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This course considers the relationship between ecology and environmental sociology, collective dilemmas, energy and society, the environment and politics and some other selected environmental issues.
The growing recognition of the reality and consequences of global environmental change poses a fundamental challenge to the ways we interact with the environment and each other, and places new demands on sociological thinking. This course introduces conceptual tools for approaching environmental issues from the local to global level. Case studies of human interaction with different aspects of the environment, from water quality to genetic engineering will explore contemporary issues. Dominating our understanding of such issues and how we deal with them is the environmental movement. Each phase of the course encourages us to consider how unequal social relationships interact with the biophysical ones in ways which may accentuate the problems of the marginalised.RelevanceAll human activities have impacts on the biophysical environment and these, in turn, interact with the social world; sociological perspectives contribute to our understanding of this interaction and developing appropriate responses. All theories and themes will be discussed in light of New Zealand’s unique situation. Learning Outcomes 1. Analyse seminal writing on the environment and trace its influence;2. Critique programmes/policies for dealing with environmental issues;3. Identify unequal access to environmental resources & use of environmental goals to promote individual/sectoral interests;4. Extend use of the Internet to access resources on the environment and academic analysis;5. Develop cooperative learning relationships with others in the class; 6. Fine tune skills in critical analysis, academic writing and referencing. Soci220 and Sociology’s ‘Four Pillars’A central concern of sociology is with the analysis of power, including its distribution and effects on social organisation, social institutions and people’s lived experience. The controversies and control pillar engages with a variety of debates relating to the nature of power in society. Although the specific relationships between New Zealanders and their environment link to Time and Place, the severity of the current challenges to subsistence on the earth require prioritisation of power.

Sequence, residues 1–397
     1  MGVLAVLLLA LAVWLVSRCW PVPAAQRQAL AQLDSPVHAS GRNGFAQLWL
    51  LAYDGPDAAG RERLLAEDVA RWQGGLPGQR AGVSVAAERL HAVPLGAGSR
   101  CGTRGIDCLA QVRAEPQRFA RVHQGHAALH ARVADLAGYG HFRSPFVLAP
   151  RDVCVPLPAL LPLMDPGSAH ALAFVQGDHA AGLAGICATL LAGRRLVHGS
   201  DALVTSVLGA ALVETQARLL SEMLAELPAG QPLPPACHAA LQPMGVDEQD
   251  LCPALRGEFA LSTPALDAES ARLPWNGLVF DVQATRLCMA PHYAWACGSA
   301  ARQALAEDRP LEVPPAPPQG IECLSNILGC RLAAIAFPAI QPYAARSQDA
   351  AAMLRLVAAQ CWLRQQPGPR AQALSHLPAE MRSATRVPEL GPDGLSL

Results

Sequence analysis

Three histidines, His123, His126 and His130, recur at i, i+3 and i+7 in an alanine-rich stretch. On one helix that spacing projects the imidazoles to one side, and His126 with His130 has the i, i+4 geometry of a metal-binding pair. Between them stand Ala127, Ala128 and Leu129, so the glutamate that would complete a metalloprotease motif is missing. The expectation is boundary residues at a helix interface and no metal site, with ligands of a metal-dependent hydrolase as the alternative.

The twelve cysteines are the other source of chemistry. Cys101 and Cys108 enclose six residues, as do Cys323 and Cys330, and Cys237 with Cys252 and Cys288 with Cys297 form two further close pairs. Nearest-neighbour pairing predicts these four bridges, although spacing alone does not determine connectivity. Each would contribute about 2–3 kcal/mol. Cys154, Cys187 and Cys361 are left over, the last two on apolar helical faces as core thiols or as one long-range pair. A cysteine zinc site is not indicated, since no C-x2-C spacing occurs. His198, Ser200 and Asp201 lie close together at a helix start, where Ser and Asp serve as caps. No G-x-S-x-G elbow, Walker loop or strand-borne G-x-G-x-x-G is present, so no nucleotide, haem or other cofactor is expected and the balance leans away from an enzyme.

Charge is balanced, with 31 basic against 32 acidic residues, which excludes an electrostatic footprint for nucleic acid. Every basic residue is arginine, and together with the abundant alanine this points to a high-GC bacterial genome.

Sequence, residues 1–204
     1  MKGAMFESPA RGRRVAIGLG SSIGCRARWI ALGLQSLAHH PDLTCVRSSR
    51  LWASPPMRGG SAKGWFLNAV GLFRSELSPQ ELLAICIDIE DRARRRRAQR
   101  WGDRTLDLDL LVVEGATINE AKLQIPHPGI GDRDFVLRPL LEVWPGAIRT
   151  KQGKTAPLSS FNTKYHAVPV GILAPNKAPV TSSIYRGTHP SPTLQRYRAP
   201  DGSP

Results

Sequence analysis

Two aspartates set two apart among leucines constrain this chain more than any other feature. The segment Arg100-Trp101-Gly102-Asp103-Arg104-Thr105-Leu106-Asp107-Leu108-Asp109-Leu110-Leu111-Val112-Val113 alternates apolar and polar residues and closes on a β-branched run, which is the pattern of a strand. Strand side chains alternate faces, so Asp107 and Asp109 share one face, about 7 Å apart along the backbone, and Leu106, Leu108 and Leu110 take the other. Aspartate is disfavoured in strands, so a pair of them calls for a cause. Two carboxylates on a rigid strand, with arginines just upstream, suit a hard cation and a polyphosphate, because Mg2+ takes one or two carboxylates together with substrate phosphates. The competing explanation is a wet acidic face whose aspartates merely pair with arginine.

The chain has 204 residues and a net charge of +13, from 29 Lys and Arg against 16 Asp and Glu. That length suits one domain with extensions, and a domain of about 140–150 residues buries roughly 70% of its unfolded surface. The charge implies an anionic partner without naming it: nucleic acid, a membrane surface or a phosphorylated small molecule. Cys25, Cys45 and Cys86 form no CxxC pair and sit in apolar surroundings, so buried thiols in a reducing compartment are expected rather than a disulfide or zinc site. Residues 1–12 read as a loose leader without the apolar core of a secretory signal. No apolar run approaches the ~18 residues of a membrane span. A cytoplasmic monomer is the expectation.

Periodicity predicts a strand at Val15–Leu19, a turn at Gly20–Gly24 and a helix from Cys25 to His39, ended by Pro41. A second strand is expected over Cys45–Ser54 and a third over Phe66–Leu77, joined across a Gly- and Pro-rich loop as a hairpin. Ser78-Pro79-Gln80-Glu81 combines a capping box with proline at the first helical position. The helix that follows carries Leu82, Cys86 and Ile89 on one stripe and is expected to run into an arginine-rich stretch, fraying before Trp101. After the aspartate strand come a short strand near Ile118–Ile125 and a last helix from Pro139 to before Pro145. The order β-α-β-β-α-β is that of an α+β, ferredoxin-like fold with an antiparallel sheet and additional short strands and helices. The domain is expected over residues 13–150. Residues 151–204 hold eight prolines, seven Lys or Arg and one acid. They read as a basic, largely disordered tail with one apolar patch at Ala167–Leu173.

Any 15 points at 100 level from ANTH or SOCI, orany 60 points at 100 level from the Schedule V of the BA.
SOCI230 (2005), SOCI320, SOCI330 (2005)
Students must attend one activity from each section.
2 hour workshops (Tutorial A) alternate with 1 hour tutorials (Tutorial B).
Domestic fee $821.00
International fee $3,750.00
* All fees are inclusive of NZ GST or any equivalent overseas tax, and do not include any programme level discount or additional course-related expenses.
For further information see
Language, Social and Political Sciences